Negotiating Academic Literacies: Teaching and Learning across Languages and Cultures

By Vivian Zamel; Ruth Spack | Go to book overview

Chapter 9
A Common Ground:
The Essay in the Academy

Kurt Spellmeyer

. . . the objectivity of dialectical cognition needs not less subjectivity, but more. -- T. W. Adorno ( Negative Dialectics)

In his essay Of the Education of Children," Montaigne recalls an encounter with two scholars who, on the road to Orleans, were followed closely by a third traveler, La Rochefoucauld:

One of my men inquired of the first of these teachers who was the gentleman that came behind him. He, not having seen the retinue that was following him, and thinking that my man was talking about his companion, replied comically: "He is not a gentleman; he is a grammarian, and I am a logician." (125)

If the essay as a distinct genre begins with Montaigne, it also begins as an assault upon the scholasticism he alludes to in this passage. Through his account of the two self-absorbed pedants, Montaigne makes light of the conception of knowledge that distinguishes so exactly between the grammarian and the logician, and he introduces, as an alternative to such distinctions, the example of La Rochefoucauld, the "gentleman," by which he does not mean a member of the ruling class, but instead the questioner whose pursuit of understanding has carried him beyond the limitations of the customary.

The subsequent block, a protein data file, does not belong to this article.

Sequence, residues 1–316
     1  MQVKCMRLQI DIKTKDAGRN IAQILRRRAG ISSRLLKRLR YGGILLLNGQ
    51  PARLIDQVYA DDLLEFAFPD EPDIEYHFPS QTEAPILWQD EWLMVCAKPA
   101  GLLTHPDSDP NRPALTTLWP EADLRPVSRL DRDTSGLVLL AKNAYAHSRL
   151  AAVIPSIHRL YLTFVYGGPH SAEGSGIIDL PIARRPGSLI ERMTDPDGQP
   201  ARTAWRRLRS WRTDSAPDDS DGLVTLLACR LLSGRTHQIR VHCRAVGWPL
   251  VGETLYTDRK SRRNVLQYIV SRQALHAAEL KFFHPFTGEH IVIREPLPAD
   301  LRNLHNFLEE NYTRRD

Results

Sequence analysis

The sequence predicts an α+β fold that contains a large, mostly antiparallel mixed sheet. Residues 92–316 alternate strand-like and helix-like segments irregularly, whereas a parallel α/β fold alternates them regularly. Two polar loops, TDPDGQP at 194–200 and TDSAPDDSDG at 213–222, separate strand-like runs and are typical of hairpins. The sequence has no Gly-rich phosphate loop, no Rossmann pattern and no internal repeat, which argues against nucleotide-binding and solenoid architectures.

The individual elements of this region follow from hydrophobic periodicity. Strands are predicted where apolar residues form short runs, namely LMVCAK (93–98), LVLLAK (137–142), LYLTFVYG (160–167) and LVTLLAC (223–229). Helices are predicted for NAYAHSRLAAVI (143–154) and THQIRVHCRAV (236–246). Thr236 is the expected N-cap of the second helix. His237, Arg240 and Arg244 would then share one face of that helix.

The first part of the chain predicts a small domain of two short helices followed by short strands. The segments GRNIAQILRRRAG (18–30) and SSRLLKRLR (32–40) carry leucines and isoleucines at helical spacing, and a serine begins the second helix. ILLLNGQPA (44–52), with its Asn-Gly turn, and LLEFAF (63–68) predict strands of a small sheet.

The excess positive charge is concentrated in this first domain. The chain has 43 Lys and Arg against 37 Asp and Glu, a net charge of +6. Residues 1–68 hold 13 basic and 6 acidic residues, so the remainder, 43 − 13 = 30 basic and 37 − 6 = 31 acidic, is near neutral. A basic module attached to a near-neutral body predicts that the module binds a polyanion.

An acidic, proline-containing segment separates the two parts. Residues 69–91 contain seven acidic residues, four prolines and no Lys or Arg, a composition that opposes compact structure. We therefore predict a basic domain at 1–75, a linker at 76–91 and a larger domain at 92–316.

____________________
College English, 1989

-105-

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